Photo courtesy Flickr
Every household used to have a button box. I grew up with one my mother had acquired from her mother. It contained a button history of twentieth century West Coast clothing. Buttons used to be a complicated technical and laundry issue, and they are still a key to certain fashion strategies. It pays off to sew fine buttons on an inexpensive garment.
Buttons were costly enough to be worth salvaging when a garment wore out, and so I learned to play with black plastic carved art deco fasteners, abalone classics from casual plaid jackets, and fascinating little detachable buttons and their chrome cotter pins from the starched uniforms of a nurse who lived next door. There were even a couple of eighteenth-century ornamental cut steel waistcoat buttons in the collection.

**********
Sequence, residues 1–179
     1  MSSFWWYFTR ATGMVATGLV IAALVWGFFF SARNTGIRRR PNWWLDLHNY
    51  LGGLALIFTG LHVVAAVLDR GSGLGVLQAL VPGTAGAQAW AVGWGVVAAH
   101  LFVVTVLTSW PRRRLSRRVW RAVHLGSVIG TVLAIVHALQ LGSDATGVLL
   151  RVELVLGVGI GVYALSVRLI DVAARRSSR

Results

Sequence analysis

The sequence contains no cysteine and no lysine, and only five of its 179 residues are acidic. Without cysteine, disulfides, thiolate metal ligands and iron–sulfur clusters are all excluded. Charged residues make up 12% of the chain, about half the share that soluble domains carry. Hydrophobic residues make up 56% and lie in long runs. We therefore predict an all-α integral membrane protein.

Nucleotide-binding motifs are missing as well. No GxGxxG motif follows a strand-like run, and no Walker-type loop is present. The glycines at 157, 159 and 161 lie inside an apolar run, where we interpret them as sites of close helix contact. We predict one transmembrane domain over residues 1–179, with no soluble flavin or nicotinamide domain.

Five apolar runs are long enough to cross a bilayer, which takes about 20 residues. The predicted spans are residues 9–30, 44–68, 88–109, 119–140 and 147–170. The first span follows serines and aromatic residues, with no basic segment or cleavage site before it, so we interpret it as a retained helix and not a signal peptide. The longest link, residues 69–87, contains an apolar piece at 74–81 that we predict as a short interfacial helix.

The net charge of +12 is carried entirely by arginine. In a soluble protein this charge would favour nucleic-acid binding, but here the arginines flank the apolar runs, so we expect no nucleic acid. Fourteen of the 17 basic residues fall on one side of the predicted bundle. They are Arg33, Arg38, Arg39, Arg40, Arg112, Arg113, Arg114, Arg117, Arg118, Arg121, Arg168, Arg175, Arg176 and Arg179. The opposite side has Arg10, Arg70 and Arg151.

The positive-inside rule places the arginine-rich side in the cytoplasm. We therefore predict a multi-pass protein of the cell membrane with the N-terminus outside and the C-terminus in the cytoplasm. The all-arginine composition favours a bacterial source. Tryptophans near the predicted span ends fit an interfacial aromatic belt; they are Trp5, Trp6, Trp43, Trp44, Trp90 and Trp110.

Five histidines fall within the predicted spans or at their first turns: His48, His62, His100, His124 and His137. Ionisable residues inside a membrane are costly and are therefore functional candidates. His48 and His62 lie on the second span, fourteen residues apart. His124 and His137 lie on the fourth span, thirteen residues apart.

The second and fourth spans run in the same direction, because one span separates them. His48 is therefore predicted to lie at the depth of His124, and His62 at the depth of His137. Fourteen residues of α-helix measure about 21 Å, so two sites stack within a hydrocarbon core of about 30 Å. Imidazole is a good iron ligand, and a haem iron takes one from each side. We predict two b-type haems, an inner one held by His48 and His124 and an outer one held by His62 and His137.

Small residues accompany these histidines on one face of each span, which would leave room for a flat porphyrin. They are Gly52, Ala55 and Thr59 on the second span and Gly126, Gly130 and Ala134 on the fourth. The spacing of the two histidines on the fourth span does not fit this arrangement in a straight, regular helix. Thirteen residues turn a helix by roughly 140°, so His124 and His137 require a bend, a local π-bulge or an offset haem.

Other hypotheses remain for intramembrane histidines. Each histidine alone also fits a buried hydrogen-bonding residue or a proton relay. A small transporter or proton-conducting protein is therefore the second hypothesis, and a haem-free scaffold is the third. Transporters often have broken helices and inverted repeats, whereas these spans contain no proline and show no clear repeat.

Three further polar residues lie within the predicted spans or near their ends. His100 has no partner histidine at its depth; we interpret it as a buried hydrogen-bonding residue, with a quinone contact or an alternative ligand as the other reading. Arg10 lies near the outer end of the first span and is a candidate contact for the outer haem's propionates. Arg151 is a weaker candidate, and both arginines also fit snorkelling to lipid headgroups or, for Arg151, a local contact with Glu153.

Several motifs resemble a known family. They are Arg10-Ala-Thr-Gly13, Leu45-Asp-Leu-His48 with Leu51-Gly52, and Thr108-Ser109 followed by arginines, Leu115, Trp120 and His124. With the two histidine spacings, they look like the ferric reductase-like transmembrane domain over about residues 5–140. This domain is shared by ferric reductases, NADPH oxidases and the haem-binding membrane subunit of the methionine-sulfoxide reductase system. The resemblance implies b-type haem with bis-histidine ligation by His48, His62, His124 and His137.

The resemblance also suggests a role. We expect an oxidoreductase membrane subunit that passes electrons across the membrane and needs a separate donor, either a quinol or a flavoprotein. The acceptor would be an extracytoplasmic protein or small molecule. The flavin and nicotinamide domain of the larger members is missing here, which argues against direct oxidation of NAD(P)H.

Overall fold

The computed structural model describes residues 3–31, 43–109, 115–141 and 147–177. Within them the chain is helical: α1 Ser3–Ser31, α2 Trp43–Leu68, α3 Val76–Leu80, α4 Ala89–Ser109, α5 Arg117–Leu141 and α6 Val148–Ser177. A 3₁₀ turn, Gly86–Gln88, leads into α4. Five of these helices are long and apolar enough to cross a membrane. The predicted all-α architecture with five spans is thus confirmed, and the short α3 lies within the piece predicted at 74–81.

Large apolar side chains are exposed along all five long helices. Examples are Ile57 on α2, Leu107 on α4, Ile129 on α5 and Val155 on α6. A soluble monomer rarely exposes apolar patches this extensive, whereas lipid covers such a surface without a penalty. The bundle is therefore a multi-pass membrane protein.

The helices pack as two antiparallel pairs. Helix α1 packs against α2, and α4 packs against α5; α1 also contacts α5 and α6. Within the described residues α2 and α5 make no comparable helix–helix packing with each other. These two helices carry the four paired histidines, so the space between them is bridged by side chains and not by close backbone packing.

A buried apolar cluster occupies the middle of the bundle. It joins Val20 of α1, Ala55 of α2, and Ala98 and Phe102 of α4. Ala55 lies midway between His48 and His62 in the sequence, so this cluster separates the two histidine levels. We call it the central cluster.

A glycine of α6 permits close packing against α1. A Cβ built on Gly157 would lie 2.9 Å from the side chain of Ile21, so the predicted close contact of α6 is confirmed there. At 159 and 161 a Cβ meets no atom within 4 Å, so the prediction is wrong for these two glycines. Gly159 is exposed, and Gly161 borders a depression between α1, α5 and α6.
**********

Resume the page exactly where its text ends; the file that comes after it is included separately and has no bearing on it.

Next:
When the flow of used clothing began to be diverted from rag bags and quilt projects to thrift stores, housekeepers realized it was mean-spirited to remove buttons, and in my life, at least, the button box began to stagnate.
It was one of my favorite toys, though, and after I entered art school, I realized I could play a kind of “button chess” with the contents of the old pressed-tin hard candy container and a checkered table cloth. The exercise is a good way to hone one’s eye for form, and I highly recommend it. If I were assembling a button box today, I’d go around the house and scrounge artifacts small enough to fit easily onto one of the squares of a picnic cloth. They could be anything: stamps, little plastic toys, costume or other jewelry, shells, even buttons.